Environmental public health systems have recently taken much interest into the adoption of a tool used for evaluating spatial relationships between health and environmental risk factors. The Center for Disease Control’s (CDC) program, National Environmental Public Health Tracking (EPHT) has been using these tools to collect and analyze representing environmental hazards, human exposures to environmental hazards and noninfectious health effects potentially related to these exposures.
The Rapid Inquiry Facility (RIF) is a tool developed by the U.K Small Area Health Statistics Unit to assist in providing rapid response and advice about unusually high clusters of disease. The RIF assists in linking and assessing environmental exposures, health outcomes, and risks for groups. ArcGIS utilizes RIF to calculate directly standardized rates and indirectly standardized rate ratios a study population.
The RIF is capable of two types of analysis: risk analysis and disease mapping. Risk analysis evaluates associations between health and the proximity and/or exposure to a certain risk factor. Disease mapping provides a visual representation of mortality and/or morbidity rates and patterns of health. The article details two separate case studies, one risk analysis and one disease-mapping analysis.
The risk analysis study was conducted by the Utah Department of Health in response to community requests to investigate a perceived excess of leukemia. Multiple oil refineries are located in Utah and in 2004, 161,000 kg of hazardous air emissions were reported to be released from the refineries. Health conditions, such as leukemia, multiple mycloma, Hodgkin’s lymphoma and non-Hodgkin’s lymphoma, have been linked to hazardous air emissions from oil refineries. To identify the communities that were likely affected, a risk-analysis was performed on the census blocks located within 2.5 km and between 2.5-5 km of the refineries.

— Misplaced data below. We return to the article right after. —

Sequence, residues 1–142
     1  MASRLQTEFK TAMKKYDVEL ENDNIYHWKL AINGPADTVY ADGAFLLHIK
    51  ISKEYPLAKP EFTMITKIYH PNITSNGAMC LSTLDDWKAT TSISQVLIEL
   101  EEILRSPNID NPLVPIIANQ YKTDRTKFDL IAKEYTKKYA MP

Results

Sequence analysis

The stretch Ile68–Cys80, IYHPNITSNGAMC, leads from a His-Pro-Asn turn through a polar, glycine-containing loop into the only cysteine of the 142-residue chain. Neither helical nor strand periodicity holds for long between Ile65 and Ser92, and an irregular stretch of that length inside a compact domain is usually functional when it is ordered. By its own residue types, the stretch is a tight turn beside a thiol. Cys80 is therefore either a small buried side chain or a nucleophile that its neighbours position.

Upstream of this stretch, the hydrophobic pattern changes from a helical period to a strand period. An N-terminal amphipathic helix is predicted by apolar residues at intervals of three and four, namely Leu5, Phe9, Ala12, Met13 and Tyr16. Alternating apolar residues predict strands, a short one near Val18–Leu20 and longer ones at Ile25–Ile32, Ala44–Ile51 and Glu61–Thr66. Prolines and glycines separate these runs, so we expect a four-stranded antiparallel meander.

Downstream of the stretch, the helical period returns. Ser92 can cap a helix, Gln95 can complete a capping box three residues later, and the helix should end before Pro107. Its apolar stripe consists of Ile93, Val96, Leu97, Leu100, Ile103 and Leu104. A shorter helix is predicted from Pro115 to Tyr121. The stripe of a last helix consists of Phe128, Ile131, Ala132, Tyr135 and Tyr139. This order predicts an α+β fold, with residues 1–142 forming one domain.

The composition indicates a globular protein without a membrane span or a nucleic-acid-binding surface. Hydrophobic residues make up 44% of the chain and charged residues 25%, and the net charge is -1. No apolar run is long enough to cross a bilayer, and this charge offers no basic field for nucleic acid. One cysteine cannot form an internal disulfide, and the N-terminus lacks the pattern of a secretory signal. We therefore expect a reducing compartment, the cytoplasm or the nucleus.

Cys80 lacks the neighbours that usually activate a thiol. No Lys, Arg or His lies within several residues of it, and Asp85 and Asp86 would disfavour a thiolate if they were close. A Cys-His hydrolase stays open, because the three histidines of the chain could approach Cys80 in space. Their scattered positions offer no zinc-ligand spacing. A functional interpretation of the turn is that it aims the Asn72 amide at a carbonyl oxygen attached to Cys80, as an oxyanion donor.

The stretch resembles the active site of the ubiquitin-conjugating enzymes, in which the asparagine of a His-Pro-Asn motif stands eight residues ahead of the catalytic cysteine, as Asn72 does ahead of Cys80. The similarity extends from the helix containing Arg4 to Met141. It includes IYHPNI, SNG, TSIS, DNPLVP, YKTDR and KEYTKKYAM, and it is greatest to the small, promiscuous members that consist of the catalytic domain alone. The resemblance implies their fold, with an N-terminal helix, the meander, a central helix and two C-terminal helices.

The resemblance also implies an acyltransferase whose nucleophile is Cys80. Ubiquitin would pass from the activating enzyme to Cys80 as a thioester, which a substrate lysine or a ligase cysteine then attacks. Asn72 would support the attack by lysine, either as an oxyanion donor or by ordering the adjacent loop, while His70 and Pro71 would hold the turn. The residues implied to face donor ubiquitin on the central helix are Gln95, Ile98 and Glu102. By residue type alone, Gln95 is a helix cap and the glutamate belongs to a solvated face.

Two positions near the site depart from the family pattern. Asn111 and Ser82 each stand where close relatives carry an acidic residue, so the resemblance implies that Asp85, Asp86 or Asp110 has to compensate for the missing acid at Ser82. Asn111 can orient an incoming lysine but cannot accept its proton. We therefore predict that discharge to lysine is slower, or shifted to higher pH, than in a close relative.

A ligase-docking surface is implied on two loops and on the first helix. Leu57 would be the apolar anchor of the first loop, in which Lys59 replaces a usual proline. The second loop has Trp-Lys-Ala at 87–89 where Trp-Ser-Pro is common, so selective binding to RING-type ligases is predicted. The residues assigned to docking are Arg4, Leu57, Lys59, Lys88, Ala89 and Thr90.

Cancer incidence data for the types listed above were gathered from the Utah Cancer Registry and georeferenced by the Utah Environmental Public Health Tracking network. The analysis showed there only to be an excess risk on non-Hodgkin’s lymphoma in populations living around the oil refineries. Males living close to the refineries had the highest risk, which was likely due to occupational exposure. However, many of the refinery employees were not included because they lived outside of the study zone, which potentially could provide more significant results.
The United Kingdom Health Protection Agency utilized disease mapping to assess the hypothesis that residents of Norwich County had an increased risk of esophageal cancer from 1984-2003 due to toxic agents that were released by the British Ministry of Defense. The analysis was done at standard table (ST) ward level, which is the unit used for U.K. administrative geography and refers to the spatial units used for local elections. Indirect standardized incidence ratios and standardized mortality rates were calculated and risks were adjusted for age, sex, and socioeconomic status. England and Wales were used as reference populations.
The analysis found that risks of esophageal cancer incidence and mortality were not significantly higher in Norwich. Additionally, there was no significant difference in the relative risks of males and females.
While both these studies did not show much significant result, they nevertheless provide useful information and resources for future studies interested in linking health, population data, and environmental issues. Both methods have many factors that could potentially change the results, such as methods for identifying which populations or at risk or accounting for external environmental factors, such as topography. While individual-level associations and causal relationships cannot be gathered using RIF, initial analyses of environmental health problems can be conducted and used as a reference for future, more in-depth studies.